Kathy Crawford on “Project Reinvention”


We spoke with MindShare President/Local Broadcast Kathy Crawford after her AAAAs panel session last week: “Project Reinvention.” The session was introduced by GroupM Global CEO Irwin Gotlieb. We asked Kathy a few hot industry questions and then about Project Reinvention’s mission—which aims to allow for more efficient buying, and buying on the new digital multicast channels for radio and TV without hiring more staff.

What do you think about the RAB insisting stations start posting?

“I congratulate the RAB for insisting the stations start posting, but I think that the most important thing is that we as a group—the agencies and the radio stations—need to get together and agree on what the posting guidelines need to be.

It’s all very well and good for us to say that we have to post, but posting means different things to different people—and as a result, we need to come up with a standard. Not that there won’t be changes to the standard, just like there are changes in the standard in television. For example, in the old days, the standard was really plus or minus 10%, but some clients would say that was unacceptable—it has to be 5%. And in an LPM world, some people believe it’s possible to do 10%. So all of these things have to be worked out before we then have a method by which we all agree that posting takes place.”

The MRC recently denied accreditation for NYC and Philly. It doesn’t mean PPM rollout is being halted because of it, but how will this affect things? Is it a big deal or a bump in the road?

“I think it’s somewhere in between. It’s a big deal that they denied accreditation. It is also, however, a big deal that Arbitron moved the dates back for the rollout schedule for the PPM. It is my understanding that Arbitron is going to reapply for Accreditation. So it’s an ongoing process, but one I believe is good for the industry. The MRC keeps us all straight and that’s a good thing.”

There are companies out there, some of which we met at the AAAAs, like Eloda, that can post discrepancies in near-real time (half an hour). At the end of a day all of the discreps for a buy are consolidated from across the country. How many other companies can offer this and is it valuable?

“Eloda is not the only company out there doing most of what they are suggesting. For example, there is a Nielsen company out there called KeepingTrac. They took over the AudioAudit technology. What we’re talking about here is having exact times delivered to you. And then you can react on those exact times based on Nielsen data or Arbitron data or whatever. I know that Eloda does other things as well, and in fact, I’m going to be talking to them soon.

Eloda is claiming they are working with DDS on integrating into their system. What do you think?

“I’m not sure, I would have to see that.”

Tell us about Project Reinvention.

“If we take a look at what the process needs to be for the future, The Reinvention Process is a method by which we believe it is possible for us to do business more efficiently. Such as receiving electronically exact times from the radio and television stations, downloading them into a buy sheet, auto-matching them to Nielsen data—and subsequently PPM data—which, in reality, creates an invoice. And then auto-paying off of that. Work has been done on The Reinvention Process over the beginning of last year to July. It suggested that there are two media types that needed to be helped–Spot TV and Spot Radio, and the other is the internet.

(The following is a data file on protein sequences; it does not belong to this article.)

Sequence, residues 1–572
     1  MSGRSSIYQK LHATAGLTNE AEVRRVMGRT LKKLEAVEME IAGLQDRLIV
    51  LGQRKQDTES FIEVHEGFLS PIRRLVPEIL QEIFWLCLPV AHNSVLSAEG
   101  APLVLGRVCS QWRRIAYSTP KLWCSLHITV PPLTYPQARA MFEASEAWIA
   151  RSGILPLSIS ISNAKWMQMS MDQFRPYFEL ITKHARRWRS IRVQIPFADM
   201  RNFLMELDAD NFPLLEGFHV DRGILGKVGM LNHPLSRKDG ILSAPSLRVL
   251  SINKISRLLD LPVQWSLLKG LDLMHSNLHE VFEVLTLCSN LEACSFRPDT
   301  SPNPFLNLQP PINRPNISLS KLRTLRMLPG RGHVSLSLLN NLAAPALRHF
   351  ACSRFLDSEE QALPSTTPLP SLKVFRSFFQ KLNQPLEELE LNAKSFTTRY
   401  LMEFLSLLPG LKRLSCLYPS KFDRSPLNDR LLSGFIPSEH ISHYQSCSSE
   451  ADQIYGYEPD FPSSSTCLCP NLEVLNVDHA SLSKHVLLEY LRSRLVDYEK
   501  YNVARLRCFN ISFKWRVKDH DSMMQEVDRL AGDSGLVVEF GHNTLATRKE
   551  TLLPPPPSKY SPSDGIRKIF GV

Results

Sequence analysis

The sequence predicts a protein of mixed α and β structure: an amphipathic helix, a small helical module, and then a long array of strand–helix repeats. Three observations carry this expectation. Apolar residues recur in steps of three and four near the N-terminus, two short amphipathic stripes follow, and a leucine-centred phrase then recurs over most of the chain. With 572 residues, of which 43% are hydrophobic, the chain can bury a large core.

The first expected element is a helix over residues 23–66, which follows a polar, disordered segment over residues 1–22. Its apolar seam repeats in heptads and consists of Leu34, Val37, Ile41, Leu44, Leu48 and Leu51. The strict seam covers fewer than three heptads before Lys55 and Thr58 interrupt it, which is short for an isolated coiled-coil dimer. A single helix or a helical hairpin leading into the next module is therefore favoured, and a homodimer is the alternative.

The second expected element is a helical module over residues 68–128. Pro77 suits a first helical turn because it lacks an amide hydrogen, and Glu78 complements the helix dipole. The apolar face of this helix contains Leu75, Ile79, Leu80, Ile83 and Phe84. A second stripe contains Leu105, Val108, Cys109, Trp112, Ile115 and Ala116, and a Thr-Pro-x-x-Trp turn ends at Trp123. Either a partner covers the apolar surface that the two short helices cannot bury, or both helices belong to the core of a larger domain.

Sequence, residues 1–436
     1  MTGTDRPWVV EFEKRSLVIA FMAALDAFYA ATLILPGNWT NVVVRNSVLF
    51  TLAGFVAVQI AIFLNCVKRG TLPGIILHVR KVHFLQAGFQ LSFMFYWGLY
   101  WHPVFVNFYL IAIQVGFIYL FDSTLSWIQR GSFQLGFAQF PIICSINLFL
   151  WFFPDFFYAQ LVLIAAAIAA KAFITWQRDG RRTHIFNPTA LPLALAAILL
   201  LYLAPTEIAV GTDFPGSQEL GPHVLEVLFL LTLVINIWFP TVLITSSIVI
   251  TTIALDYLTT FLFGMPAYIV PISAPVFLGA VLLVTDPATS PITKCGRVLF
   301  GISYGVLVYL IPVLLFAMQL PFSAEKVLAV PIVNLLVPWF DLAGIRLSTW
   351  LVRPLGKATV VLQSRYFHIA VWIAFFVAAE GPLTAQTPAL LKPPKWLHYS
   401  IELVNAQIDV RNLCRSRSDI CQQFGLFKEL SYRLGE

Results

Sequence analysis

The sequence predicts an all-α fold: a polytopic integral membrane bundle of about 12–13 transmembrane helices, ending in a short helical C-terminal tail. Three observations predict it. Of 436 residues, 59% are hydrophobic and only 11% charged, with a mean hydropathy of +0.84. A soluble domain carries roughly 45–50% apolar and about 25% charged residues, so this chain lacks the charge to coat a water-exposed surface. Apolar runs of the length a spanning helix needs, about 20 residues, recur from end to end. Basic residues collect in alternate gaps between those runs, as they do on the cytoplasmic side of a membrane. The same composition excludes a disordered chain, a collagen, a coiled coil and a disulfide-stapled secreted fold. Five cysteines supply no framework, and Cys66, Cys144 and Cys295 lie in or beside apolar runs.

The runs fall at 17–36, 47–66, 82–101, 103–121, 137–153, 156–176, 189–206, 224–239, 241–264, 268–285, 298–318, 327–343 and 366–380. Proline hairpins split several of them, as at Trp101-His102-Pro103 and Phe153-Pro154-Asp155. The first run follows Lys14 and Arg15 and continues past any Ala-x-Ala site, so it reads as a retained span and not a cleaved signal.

The Reinvention Project suggests that we need to cut down on the labor intention that broadcast has now gotten us to. For example, the television stations have the right to have four stations, not one, in digital. Ultimately they will come to us and ask us to buy those. We can’t do that in today’s environment—we don’t have the staff to be estimating ratings, negotiating rates; to be adjudicating and stewarding a buy. And then dealing with the discrepancies. We just can’t do it.

And in the case of radio, they have the right to have three stations. So as a result of that, how does one go about buying that without getting changing the way we do things? For example, a media buy is done off of a media plan. The media plan says we need to buy ratings by daypart. I have to buy 10 points in early fringe or I have to buy 100 points on a TAP (total audience plan) plan on radio. Then we should be buying by points, not by programs. So say I make a deal with two stations. One station for 5 points in early morning and one station for 5 points in early morning, for a total of 10. Station A downloads every day my exact times and I download Nielsen data every day; and that data gets auto-matched. I find out at the end of the week that on station A I ran 4 points and on station B I ran five. And instead of getting 10 points, I only got nine. I only paid for those 9! I don’t deal in make-goods in this scenario unless the stations says next week they will give me 11 points.”

It takes the whole step out of the equation.

“It takes a lot of steps out of the equation. So at the end of the flight I have actually delivered the number of GRPs as close to the buy as I can. I now have given myself an invoice and I now can autopay. We’re going to have to do this both for radio and television. And that’s a project unto itself, just to get that done. But I think we can get it done if we can get everybody together on the same page—vendors, broadcasters, etc. In the case of TV for example, we already have a person from broadcast, a person from cable, and I’m going to do one of the agency sides. We’re going to get another agency person, broadcast person and cable person to spearhead this. The six of us are going to sit down and write the standards—off of which we will ask vendors to code.”

As we say, that’s not “talking the talk,” that’s “walking the walk.”